Feb. 1 is the Fourth Sunday in Ordinary Time (Year B, Cycle I).
A movie can awaken children to St. Paul’s story. Use it as part of a larger effort to teach about the apostle in the Year of St. Paul. We have watched the main three recent movies about St. Paul. None is great, and none is entirely worthless. With each, be ready with the fast-forward.
Paul the Emissary (1998, starring Garry Cooper, 54 minutes)
Pros: accurate; shorter than the others (maybe too short); Paul’s preaching voice.
Cons: goofy special effects.
Conversion scene: awkward; you see Jesus himself. He looks and sounds odd. (Perhaps fast-forward this part, and read it instead.)
Peter & Paul (1981, starring Anthony Hopkins, 194 minutes)
Pros: makes the early Church real; Anthony Hopkins is excellent; muted special effects.
Cons: important: accentuates the apostles’ weaknesses to the exclusion of their strengths; John is all wrong; Peter is ineffectual and weak, and the movie is too long (to solve both problems, fast-forward all the parts with Peter, until after Paul dies).
Conversion scene: so-so; focused on a bulging sun.
Warnings: turned the story into “faith-alone” Paul vs. institutional Christianity, ignoring Paul’s deeply sacramental outlook. The movie changes the Bible’s story to remove Peter’s central role in the Church.
St. Paul the Apostle (2000, starring Johannes Brandrup, 180 minutes)
Pros: exciting fight scenes boys will like; visually appealing; colorful.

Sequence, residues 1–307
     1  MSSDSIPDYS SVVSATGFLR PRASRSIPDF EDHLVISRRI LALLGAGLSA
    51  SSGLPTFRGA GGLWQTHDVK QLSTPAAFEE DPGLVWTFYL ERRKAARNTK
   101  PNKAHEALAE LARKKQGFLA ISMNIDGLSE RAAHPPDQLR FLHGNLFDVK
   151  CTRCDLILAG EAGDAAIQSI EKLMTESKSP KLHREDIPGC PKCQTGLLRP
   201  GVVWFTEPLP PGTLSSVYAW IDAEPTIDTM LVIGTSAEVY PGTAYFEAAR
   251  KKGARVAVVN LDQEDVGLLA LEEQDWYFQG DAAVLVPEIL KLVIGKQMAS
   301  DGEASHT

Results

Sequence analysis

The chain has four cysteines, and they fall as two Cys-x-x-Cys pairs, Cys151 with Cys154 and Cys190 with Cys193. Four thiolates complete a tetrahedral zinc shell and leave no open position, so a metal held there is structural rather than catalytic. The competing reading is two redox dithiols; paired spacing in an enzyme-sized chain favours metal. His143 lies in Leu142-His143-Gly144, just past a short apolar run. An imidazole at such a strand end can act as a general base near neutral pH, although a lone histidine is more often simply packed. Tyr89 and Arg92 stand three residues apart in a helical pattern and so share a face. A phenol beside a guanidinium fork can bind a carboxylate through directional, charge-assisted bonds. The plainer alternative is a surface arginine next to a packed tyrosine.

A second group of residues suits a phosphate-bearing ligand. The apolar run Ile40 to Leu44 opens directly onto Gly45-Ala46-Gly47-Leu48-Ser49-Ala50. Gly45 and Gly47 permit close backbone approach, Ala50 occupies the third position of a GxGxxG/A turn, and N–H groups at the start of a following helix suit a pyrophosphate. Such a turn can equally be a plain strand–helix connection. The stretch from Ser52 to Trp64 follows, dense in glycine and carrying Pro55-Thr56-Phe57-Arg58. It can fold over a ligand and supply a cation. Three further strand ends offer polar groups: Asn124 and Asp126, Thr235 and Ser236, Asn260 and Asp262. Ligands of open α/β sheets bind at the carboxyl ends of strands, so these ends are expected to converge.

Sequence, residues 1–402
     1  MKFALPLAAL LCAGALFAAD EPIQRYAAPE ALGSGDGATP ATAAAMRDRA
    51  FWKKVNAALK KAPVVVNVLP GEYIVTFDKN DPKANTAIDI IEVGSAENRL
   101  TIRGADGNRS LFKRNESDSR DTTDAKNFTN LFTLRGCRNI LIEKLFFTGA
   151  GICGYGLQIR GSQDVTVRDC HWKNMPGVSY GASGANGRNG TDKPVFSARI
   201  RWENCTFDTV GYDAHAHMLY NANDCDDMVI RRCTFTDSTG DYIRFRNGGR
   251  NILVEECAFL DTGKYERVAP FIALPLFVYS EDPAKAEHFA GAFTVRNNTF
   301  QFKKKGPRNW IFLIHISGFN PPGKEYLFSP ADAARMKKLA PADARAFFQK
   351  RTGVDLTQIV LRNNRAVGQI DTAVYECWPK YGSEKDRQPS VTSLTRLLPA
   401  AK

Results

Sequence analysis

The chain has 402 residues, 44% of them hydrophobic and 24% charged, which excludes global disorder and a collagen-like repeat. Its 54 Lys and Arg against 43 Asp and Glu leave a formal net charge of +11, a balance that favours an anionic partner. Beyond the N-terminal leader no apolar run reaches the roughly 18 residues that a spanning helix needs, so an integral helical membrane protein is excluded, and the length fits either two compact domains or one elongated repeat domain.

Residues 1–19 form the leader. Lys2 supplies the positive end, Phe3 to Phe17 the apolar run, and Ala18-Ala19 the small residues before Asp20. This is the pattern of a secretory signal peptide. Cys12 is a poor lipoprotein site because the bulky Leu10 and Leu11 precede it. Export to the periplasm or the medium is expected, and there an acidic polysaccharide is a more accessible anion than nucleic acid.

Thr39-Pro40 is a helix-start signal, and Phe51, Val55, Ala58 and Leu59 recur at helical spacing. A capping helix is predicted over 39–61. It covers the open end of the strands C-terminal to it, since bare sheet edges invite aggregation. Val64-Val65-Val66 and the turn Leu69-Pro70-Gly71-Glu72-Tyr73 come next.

Cons: not at all true to the story; too long.
Conversion scene: scary; done with weird lighting and strange colors.
Warnings: nudity and one wedding night scene Dad had to fast-forward and block.
Deuteronomy 18:15-20; Psalm 95:1-2, 6-7, 7-9; 1 Corinthians 7:32-35; Mark 1:21-28.
EPriest.com offers free homily packs for priests.
CirclePress.org is the site to buy the Register’s Guide to the Rosary and the book The Better Part by Father John Bartunek. They are published by the publisher of the Register, but we would recommend them regardless of the publisher.
Often, we look for something new to transform us. We want to change our routine, try the latest diet, read the newest book offering a system for getting our life together.
Change is often necessary, but the readings today point to the things that are already in our life and propose we pay attention to them.
1. Learn from the Pope. The first reading enjoins the people of Israel to listen to the prophets sent by the Lord. We have been greatly blessed in our day with Pope Benedict XVI. His words are “prophetic” in that they see and speak the truth with great insight and clarity. We also have lots of means available to read his words. For instance, his audiences appear in the Register each week.
2. Be attentive in prayer. The Psalm tells us: “If today you hear his voice, harden not your hearts.” This suggests that his voice is, in fact, being spoken to us and that we are not automatically aware of it. The habit of meditative prayer can make us aware of it. To start, pray the Rosary with concentration.
3. Put your life in perspective. The life of married people has lots of distractions that can easily take our minds off of spiritual things. The second reading challenges us to set God’s priorities in our lives and not let our stresses set our priorities for us.
4. Go to Christ’s side. The Gospel shows Christ the Lord casting out demons and speaking with authority. He is near us already: at every Mass and confession and in every tabernacle. We should go to him, study him, and talk to him in order to love him and imitate him.
Forget looking for something new to transform you. With your rosary, page 6 of the Register, and access to a Catholic church, you already have enough to get started.